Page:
Finally, though, she had had enough and did step in, to save my life; it was no surprise to me...after all, she was my twin sister. She was not going to let me die in their care just because they said it was the best of care.

Our twin bond is a mystical thing. It may play out in the daily world as nothing much more than sisterly affection or an uncanny agreement, but to me, she is what my life is about and I could not live without her Although we no longer look alike, we still complete one another’s sentences and get interested in the same thing independently. For example, just last spring, she was studying Italian at her end of the state while unbeknownst to her up in mine I was looking for an Italian woman to exchange languages with. And many other such coincidences that no longer seem coincidental to us, but part of our normal daily lives. I may never have felt romantic love, but I love Lynnie, I know that, and I know she loves me.

Love is a powerful force between people, even in a brain-based disease. Perhaps it is more powerful in a brain disease than in others, because love is experienced by the brain. I don’t know why in the end, I clung so, clung to hope. I tried many times to avoid living. I tried to become a statistic. In Sept 2004, I set my leg on fire, and just last February during my last hospitalization, I had to decide whether or not to immolate myself or stay alive, those were my only options, that’s what my world had been reduced to. But Lynnie’s hope and Lynnie’s faith and Lynnie’s love pierced the darkness and it made a life’s worth of difference.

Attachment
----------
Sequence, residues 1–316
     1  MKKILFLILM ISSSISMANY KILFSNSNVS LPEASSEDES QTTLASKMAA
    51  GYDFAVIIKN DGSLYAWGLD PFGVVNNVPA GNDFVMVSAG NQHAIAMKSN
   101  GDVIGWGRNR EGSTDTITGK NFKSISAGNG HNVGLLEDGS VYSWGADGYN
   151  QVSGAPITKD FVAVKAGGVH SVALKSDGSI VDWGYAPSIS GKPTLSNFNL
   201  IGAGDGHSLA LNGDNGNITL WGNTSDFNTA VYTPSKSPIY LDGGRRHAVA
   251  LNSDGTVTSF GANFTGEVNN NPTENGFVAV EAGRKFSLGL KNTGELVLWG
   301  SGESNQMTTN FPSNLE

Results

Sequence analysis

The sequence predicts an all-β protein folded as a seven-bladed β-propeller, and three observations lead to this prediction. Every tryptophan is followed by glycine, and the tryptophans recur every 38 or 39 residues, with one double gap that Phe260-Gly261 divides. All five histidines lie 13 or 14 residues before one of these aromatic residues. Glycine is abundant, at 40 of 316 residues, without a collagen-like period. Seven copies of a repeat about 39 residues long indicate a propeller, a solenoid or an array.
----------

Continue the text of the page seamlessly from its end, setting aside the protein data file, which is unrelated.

Posted by pamwagg at January 19, 2006 06:21 PM


Hi Pam, I just finished reading your and your sister's book. It was amazing and I could not put it down. You are a courageous person for sharing your life and I pray that you will have continued success with your medications and other support systems. I don't have any experience with a friend or family member with schizophrenia, but my mother had a brain aneursym (sp) several years ago and survived for about 10 years (died 3 years ago). I was her primary caretaker post-brain injury and a lot of your book made me think of her. It did make me feel a bit less guilty for my emotions then and now as I read it. Anyway, if you are still looking for ohter people's experiences on Abilify, I found this on the web. You probably already know about this site, but just in case, here it is.

Take care of yourself and I plan on continuing to read your blog when time permits. Although I don't know you I feel connected to your story and wish you only the best.

Jill Iskiyan
Phoenix, AZ

Posted by: Jill Iskiyan at January 21, 2006 12:15 AM

Whether or not you refine and rerefine(I think I invented this word) this speech until it is entirely unrecognizable, or whether you decide not to use it at all, is totally irrelevant. There is nothing on heaven or earth, Horatio, that can ever alter the unconditional love you have for your twin. If I were Lynnie, tears would stream down my cheeks upon reading the words that, in my opinion, are perfect just the way they are. As your most discerning critic, I say,"Don't fix that which is not broken, Pam."

With love and admiration, Paula

Posted by: Paula Kirkpatrick at January 19, 2006 11:54 PM